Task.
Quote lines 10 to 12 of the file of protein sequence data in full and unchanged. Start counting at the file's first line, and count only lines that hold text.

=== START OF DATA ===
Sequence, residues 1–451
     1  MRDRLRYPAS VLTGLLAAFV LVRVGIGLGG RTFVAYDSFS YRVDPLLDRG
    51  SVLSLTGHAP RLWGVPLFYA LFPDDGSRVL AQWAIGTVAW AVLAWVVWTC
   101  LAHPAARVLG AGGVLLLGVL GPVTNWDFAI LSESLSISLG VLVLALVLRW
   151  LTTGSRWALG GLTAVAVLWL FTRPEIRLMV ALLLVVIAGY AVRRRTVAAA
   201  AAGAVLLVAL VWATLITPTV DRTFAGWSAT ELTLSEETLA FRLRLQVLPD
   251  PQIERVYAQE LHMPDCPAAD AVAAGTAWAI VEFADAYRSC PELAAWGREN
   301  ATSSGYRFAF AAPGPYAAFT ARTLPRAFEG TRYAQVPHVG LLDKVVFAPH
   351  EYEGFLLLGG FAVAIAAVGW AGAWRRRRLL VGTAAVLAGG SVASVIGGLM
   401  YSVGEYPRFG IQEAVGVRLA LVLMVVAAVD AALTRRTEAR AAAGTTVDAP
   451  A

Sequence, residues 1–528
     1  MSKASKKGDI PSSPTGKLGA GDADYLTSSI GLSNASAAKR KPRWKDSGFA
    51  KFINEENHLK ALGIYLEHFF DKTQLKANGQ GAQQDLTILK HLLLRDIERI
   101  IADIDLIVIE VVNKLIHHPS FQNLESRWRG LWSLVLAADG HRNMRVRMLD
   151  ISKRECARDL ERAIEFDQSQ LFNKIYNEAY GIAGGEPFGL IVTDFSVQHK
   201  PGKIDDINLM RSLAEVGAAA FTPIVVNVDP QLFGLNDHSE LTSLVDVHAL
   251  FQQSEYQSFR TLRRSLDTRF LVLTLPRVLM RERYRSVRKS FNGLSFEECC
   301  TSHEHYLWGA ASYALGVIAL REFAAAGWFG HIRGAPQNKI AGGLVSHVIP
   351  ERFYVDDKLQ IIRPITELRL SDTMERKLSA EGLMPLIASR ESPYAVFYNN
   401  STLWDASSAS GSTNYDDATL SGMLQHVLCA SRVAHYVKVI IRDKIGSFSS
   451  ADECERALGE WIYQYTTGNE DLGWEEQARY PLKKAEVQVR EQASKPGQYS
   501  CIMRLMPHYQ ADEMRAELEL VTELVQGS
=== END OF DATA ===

   401  YSVGEYPRFG IQEAVGVRLA LVLMVVAAVD AALTRRTEAR AAAGTTVDAP
   451  A

Sequence, residues 1–528